Image of author Tim Wickenden

A complimentary download of this book, was kindly made available and supplied by the author.

Any thoughts or comments are my own personal opinion and I am in no way being monetarily compensated for this, or any other article which promotes this book or its author.

I personally do not agree with ‘rating’ a book, as the overall experience is all a matter of personal taste, which varies from reader to reader. However some review sites do demand a rating value, so when this review is posted to such a site, it will attract 5 out of 5 stars and has earned a place on my Goodreads ‘Favourite’ shelf!

Cover image of the book 'Angel Avenger' by author Tim Wickenden

 

 

Written by
Yvonne

I can’t remember a time, even as a child, when I haven’t been passionate about books and reading.
I began blogging, when I realised just how many other people out there shared my passion for the written word and I have been continually amazed at the wealth of books that are available and the amount of great new friends I have made, from literally 'The Four Corners Of The World'.

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10 comments
  • Well, well! Based on your earlier posts featuring this book, I’d about decided it really wasn’t one that interested me at this point in time. However, your excellent review has me second guessing that thought! It may well make its way to my wish list before all is said and done. Great review, Yvonne!

    • Hi Kelly,

      I must admit that after a couple of false starts, I began to wonder if this was one for me. However, once I had immersed myself in the timeframe of the storyline, the pages almost turned themselves!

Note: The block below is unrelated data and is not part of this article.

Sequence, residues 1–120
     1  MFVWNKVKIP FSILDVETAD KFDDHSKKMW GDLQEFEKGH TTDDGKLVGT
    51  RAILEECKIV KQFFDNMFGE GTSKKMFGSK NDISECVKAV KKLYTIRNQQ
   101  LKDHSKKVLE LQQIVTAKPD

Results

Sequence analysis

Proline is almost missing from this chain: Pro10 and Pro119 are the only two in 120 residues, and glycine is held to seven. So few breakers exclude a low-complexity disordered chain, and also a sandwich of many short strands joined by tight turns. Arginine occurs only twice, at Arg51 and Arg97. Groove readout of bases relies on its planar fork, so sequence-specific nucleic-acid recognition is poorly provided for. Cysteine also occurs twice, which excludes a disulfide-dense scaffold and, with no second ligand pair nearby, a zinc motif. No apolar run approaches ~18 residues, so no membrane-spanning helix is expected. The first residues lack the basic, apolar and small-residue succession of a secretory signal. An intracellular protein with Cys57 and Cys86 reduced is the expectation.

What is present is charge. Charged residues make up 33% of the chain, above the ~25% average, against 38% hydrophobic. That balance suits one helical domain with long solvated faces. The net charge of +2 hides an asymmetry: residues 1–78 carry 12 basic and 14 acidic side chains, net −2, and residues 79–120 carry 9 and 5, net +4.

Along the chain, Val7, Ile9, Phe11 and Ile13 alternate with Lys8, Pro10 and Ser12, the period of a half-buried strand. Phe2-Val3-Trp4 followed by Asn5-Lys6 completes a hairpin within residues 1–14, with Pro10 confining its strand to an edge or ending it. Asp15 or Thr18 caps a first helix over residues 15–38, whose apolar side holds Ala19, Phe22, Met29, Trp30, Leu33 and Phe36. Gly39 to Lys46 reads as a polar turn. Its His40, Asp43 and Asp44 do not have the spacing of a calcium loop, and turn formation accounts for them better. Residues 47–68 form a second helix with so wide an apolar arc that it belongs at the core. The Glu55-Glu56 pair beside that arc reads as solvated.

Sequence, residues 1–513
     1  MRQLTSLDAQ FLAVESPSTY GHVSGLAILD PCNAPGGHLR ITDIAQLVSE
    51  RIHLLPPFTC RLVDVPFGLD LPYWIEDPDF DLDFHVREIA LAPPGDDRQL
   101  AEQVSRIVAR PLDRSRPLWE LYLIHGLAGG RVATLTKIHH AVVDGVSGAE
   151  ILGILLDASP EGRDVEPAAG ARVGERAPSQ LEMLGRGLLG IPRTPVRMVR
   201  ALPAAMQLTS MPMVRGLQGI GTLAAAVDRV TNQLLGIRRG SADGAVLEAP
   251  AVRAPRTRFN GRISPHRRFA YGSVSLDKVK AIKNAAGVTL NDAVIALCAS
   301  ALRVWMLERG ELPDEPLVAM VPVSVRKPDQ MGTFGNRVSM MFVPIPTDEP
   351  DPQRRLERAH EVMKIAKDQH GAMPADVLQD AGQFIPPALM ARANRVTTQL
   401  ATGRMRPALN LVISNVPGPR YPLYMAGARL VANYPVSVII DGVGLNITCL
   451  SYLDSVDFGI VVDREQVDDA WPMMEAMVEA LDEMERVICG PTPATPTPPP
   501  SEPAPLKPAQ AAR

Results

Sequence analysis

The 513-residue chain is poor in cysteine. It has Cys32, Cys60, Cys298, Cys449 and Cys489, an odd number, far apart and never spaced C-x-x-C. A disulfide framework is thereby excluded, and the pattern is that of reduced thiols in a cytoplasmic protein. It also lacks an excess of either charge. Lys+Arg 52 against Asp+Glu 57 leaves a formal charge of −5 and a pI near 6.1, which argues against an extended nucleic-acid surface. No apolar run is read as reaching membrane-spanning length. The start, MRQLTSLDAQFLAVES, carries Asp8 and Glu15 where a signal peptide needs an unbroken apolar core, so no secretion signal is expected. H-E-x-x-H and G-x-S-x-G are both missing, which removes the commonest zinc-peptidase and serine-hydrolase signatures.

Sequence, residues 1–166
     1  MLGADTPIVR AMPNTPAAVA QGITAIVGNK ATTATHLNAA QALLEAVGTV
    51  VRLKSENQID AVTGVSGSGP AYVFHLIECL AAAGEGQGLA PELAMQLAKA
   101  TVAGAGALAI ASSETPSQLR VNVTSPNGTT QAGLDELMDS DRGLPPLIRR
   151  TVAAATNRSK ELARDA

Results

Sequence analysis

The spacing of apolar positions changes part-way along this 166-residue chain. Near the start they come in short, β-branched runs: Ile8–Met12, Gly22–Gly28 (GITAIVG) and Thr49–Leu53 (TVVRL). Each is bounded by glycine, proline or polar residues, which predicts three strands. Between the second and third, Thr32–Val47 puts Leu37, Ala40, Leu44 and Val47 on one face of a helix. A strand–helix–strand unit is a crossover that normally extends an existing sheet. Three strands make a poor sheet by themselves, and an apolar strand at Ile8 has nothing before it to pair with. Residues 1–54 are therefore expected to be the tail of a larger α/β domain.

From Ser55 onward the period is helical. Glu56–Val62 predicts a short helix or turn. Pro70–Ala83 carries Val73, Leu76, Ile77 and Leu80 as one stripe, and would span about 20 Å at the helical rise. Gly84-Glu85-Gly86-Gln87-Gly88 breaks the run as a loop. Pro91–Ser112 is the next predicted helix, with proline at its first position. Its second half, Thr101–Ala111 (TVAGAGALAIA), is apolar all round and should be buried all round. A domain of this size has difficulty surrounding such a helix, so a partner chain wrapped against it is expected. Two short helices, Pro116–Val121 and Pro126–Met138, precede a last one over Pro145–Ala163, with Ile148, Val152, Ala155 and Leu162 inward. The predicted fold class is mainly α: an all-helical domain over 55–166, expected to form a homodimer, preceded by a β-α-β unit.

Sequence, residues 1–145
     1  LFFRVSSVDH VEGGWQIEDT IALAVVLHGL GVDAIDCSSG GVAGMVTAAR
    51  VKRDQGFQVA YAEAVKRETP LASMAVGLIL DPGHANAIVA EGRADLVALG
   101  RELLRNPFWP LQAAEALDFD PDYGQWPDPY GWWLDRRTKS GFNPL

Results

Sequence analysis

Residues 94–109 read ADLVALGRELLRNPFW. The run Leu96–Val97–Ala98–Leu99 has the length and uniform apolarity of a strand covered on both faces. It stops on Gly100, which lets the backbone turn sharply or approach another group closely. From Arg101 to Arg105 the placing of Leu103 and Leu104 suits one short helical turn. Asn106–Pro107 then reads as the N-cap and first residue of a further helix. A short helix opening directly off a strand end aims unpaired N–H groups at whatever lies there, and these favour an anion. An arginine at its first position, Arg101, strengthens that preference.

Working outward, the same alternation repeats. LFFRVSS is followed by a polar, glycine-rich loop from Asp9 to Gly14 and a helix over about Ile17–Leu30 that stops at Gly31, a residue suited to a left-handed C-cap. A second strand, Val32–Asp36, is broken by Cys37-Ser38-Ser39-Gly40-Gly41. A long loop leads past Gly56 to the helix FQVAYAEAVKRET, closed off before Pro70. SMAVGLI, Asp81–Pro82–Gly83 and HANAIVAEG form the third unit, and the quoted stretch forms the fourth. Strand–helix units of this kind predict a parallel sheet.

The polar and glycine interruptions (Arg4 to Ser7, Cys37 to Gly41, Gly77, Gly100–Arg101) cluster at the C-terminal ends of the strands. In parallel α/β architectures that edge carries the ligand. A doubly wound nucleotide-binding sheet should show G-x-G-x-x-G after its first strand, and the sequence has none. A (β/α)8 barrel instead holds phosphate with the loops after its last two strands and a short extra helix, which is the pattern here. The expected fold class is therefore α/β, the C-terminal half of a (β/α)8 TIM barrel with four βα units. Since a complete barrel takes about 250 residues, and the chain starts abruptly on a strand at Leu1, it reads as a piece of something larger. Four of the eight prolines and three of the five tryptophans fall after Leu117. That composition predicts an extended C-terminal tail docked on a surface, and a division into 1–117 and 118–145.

Tim definitely believes in offering his readers the most authentic and detailed narrative possible and in my opinion, his in depth research really paid off.

      Tim actually wrote a short story, ‘Girl Hunter’, to kick off the Max Becker series, however I probably shan’t bother going to back to read that one, as the next full length case for the team is due for release this year and that is definitely one for my list!

      Thanks for stopping by and for the kind words about my review, I really appreciate your support 🙂

  • Excellent review, Yvonne. The Cold War is not by any means my favourite timeline for reading, I suppose having lived through it it feels a bit too close for comfort. ‘However’ (there’s always a ‘however’) your review makes me consider it seriously for my European challenge even though I already have a book for Germany on my tbr mountain. I’ll think about it, the only reason I might not use it this year is that I really do want to get books off the pile and into the charity shop box. I will keep it in mind for next year though.

    • Hi Cath,